Tucker Carlson Calls Posts That Led to Writer's Resignation 'Wrong'

Fox News host Tucker Carlson addressed the resignation of former writer Blake Neff from his television program on Monday. Neff was discovered to have made racist and sexist messages on an online forum using a pseudonym.

Neff was a frequent poster on AutoAdmit, which bills itself as the "most prestigious law school discussion board in the world" and "supporters of the marketplace of ideas and freedom of expression." Using the screen name CharlesXII, Neff posted comments about Black people, Asian-Americans and women.

"Honestly given how tired Black people always claim to be," Neff wrote in June, "maybe the real crisis is their lack of sleep."

"What Blake wrote anonymously was wrong," Carlson said. "We don't endorse those words. They have no connection to the show. It is wrong to attack people for qualities they cannot control. In this country, we judge people for what they do, not for how they were born. We often say that because we mean it." Carlson added that Neff had "paid a very heavy price" for his actions.

Carlson then warned against individuals action in a self-righteous fashion. "We are all human," Carlson said. "When we pretend we are holy, we are lying. When we pose as blameless in order to hurt other people, we are committing the gravest sin of all. And we will be punished for it. There's no question."

According to information sent to Newsweek from Fox News on Monday, Carlson is expected to go on a previously planned fishing trip for the remainder of the week.

Neff began writing for Tucker Carlson Tonight in 2017. When his online persona was exposed via reporting by CNN, Fox News higher-ups accepted his resignation.

tucker carlson
Tucker Carlson responded on Monday to the resignation of Blake Neff, former writer for "Tucker Carlson Tonight," who was found to have posted derogatory remarks on an online forum. Michael S. Schwartz/Getty

"We want to make abundantly clear that Fox News Media strongly condemns this horrific racist, misogynist and homophobic behavior," read a Friday statement from Fox News CEO Suzanne Scott and President and Executive Editor Jay Wallace.

"Neff's abhorrent conduct on this forum was never divulged to the show or to the network until Friday, at which point we swiftly accepted his resignation," the statement continued. "Make no mistake, actions such as his cannot and will not be tolerated at any time in any part of our work force."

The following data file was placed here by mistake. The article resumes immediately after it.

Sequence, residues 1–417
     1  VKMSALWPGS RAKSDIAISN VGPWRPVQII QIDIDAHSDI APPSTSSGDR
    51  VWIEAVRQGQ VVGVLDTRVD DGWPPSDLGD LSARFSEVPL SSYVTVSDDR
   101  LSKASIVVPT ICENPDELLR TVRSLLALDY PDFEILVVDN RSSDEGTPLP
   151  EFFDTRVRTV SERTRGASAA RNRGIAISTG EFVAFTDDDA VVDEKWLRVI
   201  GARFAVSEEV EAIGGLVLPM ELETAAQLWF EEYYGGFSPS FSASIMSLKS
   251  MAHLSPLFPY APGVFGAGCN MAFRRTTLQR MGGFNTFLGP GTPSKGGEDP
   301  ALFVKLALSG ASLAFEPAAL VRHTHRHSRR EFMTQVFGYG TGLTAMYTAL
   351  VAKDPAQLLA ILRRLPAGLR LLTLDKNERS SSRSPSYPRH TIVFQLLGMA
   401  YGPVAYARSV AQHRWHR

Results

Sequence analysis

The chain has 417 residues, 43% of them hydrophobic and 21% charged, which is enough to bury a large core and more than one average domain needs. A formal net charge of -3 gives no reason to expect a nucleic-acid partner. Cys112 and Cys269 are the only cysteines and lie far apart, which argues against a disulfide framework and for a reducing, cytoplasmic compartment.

In an interview republished in July by Dartmouth Alumni Magazine, Neff said he had "gotten used to what [Carlson] likes and what [Carlson] thinks about."

"Our show is controversial—that's just objective—but I don't believe that we're stoking conflict," Neff said of the show. "When people accuse us of that, they're allowing actual firebrands to stir them up."

Although Carlson has raised the ire of some observers and sponsors for his potentially controversial remarks, ratings for his show have skyrocketed. In the second quarter of 2020, Tucker Carlson Tonight was the number one cable news program, registering 4.331 million viewers.

Allegations of racism were levied against Carlson in June after his on-air remarks about protests organized by the Black Lives Matter movement after the May death of George Floyd in Minneapolis.

"This may be a lot of things, this moment we're living through, but it is definitely not about black lives," Carlson said. "Remember that when they come for you and, at this rate, they will."

In response, advertisers such as Disney, Poshmark and T-Mobile stopped advertising on Carlson's show. In a June tweet, T-Mobile said it had not run any advertisements on Tucker Carlson Tonight "since May and have cancelled all future placements. We will continue to support those who stand against racial injustice."

Fox News said in June that Carlson's remarks were not referring to any members of BLM, but to leaders of the Democratic Party.

Updated 3:55 p.m. EST 7/14/2020: This story has been updated with information from Fox News.

Tucker Carlson Calls Posts That Led to Writer's Resignation 'Wrong' | U.S.